Saturday, 29 November 2008

Ministry of standards

Governments involve themselves in much of public life. It is reasonable to think that at least some involvement is excessive. Many would argue that most involvement is excessive. Of all the portfolios that governments have, there is one that I think should exist of its own accord.

We should have a Ministry of Standards.

Now we do have laws related to these issues, but I think the issue is important enough to warrant its own department with various divisions.

By standards I mean
  • defining various standards;
  • ensuring they are appropriate;
  • enforcing their use; and
  • prescribing punishments for breaches
Given that I prefer minimal government this may appear intrusive, but I see it as an issue of justice, and justice is an important role of government.

Defining standards

It is important to understand that I mean standards which are defined not prescribed. I do not think the government should enforce what manufactures should do, rather describe accurately what they in fact do. Granted there may be safety issues that mean minimum standards must be met in some areas, but by and large I think people should be able to exchange what they wish to do so. People should be able to buy products of varying quality.

Quality often relates to price. For any given object, desired price and quality vary among consumers. Some want high quality, others want low price. Most want high quality and low cost, but decisions are made at the margins. Government does not have a role in specifying a minimum standard (usually). Such a policy limits people, especially the poor who may not be able to afford such high quality items.

I do however think the government can have a role in ensuring that such items are of the claimed quality, and further, the government can have a role in specifying what must be shown on items for sale.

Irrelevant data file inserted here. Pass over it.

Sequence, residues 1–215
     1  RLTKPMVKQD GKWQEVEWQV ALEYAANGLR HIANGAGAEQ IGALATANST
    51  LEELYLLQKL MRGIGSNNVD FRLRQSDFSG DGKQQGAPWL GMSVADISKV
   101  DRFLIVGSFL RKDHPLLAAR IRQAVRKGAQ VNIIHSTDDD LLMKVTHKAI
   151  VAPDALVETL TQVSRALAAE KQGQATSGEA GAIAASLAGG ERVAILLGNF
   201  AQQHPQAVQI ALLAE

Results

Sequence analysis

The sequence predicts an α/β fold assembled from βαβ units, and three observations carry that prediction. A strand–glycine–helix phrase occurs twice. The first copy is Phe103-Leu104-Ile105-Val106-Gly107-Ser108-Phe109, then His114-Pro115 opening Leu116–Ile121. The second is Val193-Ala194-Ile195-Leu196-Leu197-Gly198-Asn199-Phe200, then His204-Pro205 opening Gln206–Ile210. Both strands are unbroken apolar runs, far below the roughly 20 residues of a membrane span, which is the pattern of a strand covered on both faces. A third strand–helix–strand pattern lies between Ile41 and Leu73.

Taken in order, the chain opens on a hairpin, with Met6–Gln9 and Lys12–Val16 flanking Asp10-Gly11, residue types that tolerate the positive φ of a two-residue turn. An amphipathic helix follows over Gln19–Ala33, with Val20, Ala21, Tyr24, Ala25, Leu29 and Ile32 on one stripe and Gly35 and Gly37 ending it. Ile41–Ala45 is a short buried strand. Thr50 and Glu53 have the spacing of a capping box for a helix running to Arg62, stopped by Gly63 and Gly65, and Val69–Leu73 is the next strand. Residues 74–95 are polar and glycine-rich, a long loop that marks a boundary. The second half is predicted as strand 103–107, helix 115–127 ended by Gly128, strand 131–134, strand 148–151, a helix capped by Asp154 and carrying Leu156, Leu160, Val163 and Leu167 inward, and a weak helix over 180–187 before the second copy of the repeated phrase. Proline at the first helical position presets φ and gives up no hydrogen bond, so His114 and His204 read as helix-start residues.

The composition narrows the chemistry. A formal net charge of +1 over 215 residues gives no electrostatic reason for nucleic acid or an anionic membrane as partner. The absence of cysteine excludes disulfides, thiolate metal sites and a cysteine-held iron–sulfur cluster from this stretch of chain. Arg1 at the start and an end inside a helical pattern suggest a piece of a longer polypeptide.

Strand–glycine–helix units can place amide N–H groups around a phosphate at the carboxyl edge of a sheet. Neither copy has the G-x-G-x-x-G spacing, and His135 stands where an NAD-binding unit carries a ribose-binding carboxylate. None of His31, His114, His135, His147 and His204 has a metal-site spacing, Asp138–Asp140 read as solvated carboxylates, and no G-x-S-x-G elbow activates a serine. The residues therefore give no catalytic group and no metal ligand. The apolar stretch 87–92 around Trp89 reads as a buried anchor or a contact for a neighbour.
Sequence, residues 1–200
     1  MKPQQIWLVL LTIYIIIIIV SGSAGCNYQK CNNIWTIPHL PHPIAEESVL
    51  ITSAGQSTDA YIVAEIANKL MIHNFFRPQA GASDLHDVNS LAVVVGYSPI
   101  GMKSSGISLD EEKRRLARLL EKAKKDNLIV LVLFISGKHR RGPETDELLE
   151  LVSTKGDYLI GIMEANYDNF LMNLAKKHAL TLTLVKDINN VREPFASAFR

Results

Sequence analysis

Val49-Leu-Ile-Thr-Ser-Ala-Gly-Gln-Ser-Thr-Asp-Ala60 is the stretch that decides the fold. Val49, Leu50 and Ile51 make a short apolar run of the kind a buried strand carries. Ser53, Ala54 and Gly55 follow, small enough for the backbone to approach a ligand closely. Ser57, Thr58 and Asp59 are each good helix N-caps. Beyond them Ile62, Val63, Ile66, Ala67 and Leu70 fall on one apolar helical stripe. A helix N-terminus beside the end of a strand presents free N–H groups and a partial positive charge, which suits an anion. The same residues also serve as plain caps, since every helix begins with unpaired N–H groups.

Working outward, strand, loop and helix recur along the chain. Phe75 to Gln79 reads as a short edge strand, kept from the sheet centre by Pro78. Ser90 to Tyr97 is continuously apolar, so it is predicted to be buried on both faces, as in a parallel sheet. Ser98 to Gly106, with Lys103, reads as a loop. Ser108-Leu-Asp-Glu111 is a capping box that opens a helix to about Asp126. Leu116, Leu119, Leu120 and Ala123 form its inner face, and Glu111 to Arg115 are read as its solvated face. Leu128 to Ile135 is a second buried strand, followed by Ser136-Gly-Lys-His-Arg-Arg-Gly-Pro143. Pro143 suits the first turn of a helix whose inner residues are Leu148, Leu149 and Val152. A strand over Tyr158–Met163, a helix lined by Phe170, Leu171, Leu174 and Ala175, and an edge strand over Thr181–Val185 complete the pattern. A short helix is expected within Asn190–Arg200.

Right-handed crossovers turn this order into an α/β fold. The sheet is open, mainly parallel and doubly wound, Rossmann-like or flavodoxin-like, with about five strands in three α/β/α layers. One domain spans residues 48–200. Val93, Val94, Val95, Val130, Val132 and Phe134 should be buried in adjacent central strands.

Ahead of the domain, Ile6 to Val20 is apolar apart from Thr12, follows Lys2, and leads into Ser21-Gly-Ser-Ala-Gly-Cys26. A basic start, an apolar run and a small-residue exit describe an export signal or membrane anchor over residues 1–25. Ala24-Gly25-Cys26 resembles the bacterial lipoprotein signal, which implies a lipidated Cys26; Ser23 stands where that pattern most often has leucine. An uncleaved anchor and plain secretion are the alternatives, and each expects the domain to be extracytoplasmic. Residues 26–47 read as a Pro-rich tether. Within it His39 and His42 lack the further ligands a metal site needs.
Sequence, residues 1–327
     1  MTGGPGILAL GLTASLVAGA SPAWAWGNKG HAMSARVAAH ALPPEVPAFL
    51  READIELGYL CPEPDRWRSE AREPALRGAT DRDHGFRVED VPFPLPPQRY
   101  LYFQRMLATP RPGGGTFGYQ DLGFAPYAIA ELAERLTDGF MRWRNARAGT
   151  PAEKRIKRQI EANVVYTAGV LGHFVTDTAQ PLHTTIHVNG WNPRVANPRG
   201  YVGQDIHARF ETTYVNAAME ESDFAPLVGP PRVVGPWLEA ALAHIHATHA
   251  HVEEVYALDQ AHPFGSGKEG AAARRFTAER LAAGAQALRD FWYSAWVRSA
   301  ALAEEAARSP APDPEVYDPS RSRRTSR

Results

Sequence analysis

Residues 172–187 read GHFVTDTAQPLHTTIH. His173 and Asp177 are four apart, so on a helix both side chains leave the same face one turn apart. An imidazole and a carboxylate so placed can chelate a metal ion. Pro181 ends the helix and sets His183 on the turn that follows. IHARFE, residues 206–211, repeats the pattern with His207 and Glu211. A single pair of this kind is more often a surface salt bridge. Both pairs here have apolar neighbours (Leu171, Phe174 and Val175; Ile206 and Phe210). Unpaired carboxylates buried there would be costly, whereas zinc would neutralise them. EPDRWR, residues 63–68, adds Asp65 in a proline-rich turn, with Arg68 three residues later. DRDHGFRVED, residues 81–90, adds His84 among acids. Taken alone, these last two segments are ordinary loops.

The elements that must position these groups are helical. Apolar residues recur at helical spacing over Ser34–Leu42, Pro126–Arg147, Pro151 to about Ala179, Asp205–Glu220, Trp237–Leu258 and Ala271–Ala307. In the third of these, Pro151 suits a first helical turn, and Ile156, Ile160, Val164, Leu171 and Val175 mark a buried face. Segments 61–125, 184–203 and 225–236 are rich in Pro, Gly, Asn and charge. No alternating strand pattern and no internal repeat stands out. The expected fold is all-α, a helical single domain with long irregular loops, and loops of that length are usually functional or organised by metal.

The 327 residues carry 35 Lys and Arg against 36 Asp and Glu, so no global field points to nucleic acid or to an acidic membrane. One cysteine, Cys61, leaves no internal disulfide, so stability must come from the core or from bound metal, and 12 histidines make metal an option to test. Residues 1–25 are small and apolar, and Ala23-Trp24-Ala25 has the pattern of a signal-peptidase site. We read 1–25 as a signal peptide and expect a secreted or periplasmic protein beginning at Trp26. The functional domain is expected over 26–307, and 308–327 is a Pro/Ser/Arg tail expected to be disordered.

Examples include weights and volumes for foodstuffs, measurement dials in vehicles, breaking force and insulation property of glass, and electricity meters. Much of which is already covered by law.

Ensuring appropriateness

Consumers have the benefit of taking their custom where they will. Manufactures have the benefit in knowing exactly the quality of their product. Few consumers have the knowledge or ability to assess quality to this degree. Manufacturers may advertise various benefits of their product which is fine, but this should not be used to remove focus from more important quality issues that may not be mentioned.

Consider digital cameras. The quality of a photo is determined by several things including resolution. For people who print photos 6 megapixels is probably adequate. Now manufacturers can produce cameras of higher density such as 9 megapixels and they should be free to do so. This is good for larger photos, for cropping photos, and for digital zoom. The problem is that people may assume that the number of pixels reflects the quality of the photo because of the way cameras are marketed; but other factors are important such as the depth per pixel, speed of shot, stability of image capture, and software manipulation. So one may spend the extra money gaining extra pixels with no gain in printed product, and possibly worse if the pictures are blurred. He would be better spending the extra money on a camera that shoots more stable pictures at a lower resolution.

Defining standards of measures that affect photo quality that must be displayed on the product makes people aware of the issues, it lets them choose what they think best, and makes it harder for manufacturers to make cheap improvements and market the product as significantly superior.

Enforcing use